Over the past eitght years AWSM has inspired thousands of students and dozens of educators from across West Virginia, Maryland, and Pennsylvania with our unique hands-on, citizen-science, watershed education project aligned to help teachers meet numerous WV Content Standards and Objectives. As a participant in the 2013 program you will gain 21st century, context-focused stream monitoring skills to integrate into your classroom’s ongoing curriculum. Opportunities are provided to learn about effective classroom resources and curriculum potentials from veteran teachers of the program and watershed professionals. Each participant may become a certified WV Save Our Streams Monitor if they choose, and can also participate for continuing education credit..
· Meet science and social studies standards with exciting activities that link classroom and field activities while engaging students in STEM and Project Based Learning studies.
· Utilize authentic data collected from a local stream by your students with the support of The Mountain Institute’s (TMI) professional outdoor educators.
· Teach students to navigate new and existing data to make their own maps and charts while developing spatial understanding and analytical thinking.
· Learn to apply Geographic Information Systems (GIS) through practical use.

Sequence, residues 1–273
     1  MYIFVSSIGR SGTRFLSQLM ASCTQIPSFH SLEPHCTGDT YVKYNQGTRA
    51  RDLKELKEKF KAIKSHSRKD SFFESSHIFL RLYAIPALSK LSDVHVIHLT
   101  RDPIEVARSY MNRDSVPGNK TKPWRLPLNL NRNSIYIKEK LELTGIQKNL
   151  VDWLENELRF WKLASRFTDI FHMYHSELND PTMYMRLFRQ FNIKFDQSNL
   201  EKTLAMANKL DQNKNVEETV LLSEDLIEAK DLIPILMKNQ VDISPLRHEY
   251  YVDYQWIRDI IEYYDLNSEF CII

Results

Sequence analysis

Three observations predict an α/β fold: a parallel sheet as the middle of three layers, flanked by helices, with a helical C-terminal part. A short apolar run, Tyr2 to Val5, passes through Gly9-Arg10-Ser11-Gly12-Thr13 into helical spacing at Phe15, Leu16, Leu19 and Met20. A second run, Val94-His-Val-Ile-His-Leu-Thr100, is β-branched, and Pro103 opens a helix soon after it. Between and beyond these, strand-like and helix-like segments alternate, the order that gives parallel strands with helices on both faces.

To register for the AWSM professional development workshop or student field training sessions click here. If you have any questions, please contact The Mountain Institute's Waterhsed Educaiton Coordinator, Kevin Stitzinger: firstname.lastname@example.org
AWSM multi-tier follow-up options for participants of the February or June 2013 professional development workshop (or previous PDWs).
Field skills training at the Spruce Knob Mountain Center. Available fall 2013.
Student stream monitoring training at the Spruce Knob Mountain Center:
The ability to envision a better future is key to effective environmental leadership. What better location to acquaint your students with a desirable picture of Appalachian headwater landscapes and streams than with a trip to the pristine and picturesque summit of West Virginia?
To help you set your students up for success, a member of TMI’s Watershed Education Program will team travel to your school to orient the selected students and adults that will chaperone field trip activities, location, and what to expect in terms of weather, food, and lodging. Expectations will also be reviewed, as school policies are applicable during field trips.